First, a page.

More than 300 people were arrested after thousands took to the streets protesting a day after a new national security law was passed in Hong Kong.
The US option of first resort tends to be financial sanctions, exploiting the dominance of the US dollar within the global financial system and economy. US Congress passed legislation, with bi-partisan support, on Wednesday that would impose financial sanctions in retaliation for the introduction of the security laws.
While it is conceivable the US could cut off Hong Kong’s access to the US dollar – which because of Hong Kong’s central role in the financing of China's trade with the rest of the world would have dramatic effects on mainland China –, the more likely course would be to extend and put in action the proposed sanctions on individuals and organisations associated with the security laws.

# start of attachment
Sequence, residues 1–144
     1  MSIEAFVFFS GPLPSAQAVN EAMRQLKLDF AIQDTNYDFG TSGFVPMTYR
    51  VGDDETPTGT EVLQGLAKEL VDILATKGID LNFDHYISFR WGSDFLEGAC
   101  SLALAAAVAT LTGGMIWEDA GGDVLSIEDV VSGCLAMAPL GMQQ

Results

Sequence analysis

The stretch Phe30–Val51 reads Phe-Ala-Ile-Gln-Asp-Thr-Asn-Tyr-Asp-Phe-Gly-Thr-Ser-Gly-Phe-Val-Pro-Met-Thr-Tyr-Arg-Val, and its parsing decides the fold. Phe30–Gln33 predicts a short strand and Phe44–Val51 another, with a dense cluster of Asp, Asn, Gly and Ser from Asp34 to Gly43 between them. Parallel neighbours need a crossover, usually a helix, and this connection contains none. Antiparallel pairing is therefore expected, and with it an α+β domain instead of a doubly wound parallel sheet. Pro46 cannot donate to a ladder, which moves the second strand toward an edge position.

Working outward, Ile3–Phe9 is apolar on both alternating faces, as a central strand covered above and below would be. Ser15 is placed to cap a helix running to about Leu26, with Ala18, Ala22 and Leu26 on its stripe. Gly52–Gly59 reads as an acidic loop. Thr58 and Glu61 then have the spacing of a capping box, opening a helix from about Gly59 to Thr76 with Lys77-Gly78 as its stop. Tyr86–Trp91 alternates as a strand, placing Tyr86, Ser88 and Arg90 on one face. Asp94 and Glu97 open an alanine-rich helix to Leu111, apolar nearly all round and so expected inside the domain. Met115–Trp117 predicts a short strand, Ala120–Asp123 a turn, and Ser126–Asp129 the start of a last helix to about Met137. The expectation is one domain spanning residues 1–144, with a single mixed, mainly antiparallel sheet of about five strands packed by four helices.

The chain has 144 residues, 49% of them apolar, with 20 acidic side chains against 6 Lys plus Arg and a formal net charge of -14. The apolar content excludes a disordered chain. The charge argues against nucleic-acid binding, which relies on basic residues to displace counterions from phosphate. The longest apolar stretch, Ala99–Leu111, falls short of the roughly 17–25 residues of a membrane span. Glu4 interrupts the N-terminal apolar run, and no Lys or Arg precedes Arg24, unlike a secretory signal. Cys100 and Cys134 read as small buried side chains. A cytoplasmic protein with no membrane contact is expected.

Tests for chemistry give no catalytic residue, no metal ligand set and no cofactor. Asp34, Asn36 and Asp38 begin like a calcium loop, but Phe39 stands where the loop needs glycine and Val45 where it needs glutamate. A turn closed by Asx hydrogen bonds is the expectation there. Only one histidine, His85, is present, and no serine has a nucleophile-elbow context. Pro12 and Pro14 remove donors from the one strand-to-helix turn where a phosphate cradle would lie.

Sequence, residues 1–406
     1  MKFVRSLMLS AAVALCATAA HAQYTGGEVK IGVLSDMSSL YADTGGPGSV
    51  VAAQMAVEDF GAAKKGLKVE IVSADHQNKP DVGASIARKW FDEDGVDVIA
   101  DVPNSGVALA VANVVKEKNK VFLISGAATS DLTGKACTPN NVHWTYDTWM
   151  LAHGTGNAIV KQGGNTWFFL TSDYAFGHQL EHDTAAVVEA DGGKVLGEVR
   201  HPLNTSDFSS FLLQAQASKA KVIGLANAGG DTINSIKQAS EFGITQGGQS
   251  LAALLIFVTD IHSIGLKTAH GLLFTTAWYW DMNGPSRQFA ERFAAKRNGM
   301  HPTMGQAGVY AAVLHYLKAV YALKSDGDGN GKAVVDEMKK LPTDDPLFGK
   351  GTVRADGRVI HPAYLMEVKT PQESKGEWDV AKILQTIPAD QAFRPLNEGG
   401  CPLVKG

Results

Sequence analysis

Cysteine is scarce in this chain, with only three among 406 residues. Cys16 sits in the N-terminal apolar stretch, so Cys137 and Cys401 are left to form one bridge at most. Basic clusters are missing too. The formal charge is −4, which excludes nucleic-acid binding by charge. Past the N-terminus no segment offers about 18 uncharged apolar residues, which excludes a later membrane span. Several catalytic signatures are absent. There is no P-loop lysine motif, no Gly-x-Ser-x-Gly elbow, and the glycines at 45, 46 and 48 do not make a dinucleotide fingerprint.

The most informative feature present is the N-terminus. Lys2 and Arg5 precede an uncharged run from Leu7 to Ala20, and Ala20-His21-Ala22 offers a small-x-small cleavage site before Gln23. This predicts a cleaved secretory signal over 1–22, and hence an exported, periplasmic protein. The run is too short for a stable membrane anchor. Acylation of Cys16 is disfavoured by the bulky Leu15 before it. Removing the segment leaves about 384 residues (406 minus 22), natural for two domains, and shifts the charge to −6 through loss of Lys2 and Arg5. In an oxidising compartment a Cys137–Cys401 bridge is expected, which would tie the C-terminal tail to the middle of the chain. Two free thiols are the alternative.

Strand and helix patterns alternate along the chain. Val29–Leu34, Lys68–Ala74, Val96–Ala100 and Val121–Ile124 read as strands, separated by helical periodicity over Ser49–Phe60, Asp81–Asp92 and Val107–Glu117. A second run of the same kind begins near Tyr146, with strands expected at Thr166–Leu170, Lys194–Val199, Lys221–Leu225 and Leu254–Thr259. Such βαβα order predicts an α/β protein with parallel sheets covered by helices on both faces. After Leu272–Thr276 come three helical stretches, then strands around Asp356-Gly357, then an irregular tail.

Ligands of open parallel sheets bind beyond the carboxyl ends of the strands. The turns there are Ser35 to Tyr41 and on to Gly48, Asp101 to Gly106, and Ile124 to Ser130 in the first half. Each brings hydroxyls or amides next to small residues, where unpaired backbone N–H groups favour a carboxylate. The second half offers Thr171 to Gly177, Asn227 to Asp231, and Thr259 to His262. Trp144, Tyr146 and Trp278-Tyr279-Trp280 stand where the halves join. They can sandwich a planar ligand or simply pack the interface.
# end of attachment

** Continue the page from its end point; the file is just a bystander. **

The outcomes might be quite similar. By barring financial institutions from providing services to sanctioned individuals or companies, with the threat that the banks themselves would be denied access to the US financial system and dollar funding, the US could destabilise China’s largest banks.
It could also shut down dealings with China by the big Western banks, which would have to take an extremely conservative approach to lending to Chinese individuals or companies in case they breached the sanctions. Banks have been fined massively for breaches of US sanctions – BNP Paribas handed over $US8.9 billion in 2014 for dealing with sanctioned countries.
The pressure on Trump to sign the bill Congress passed on Wednesday will mount, regardless of whether that jeopardises his trade deal. Imposing the sanctions would dramatically widen the fissures in the relationship between the US and China.
Trump ruminated earlier this year on the option of a "complete decoupling" of the US and Chinese economies.
If that was to occur, the catalyst might well be China’s decisions to renege on its 1997 commitment to preserve the "one country, two systems" framework under which Hong Kong had operated since the handover.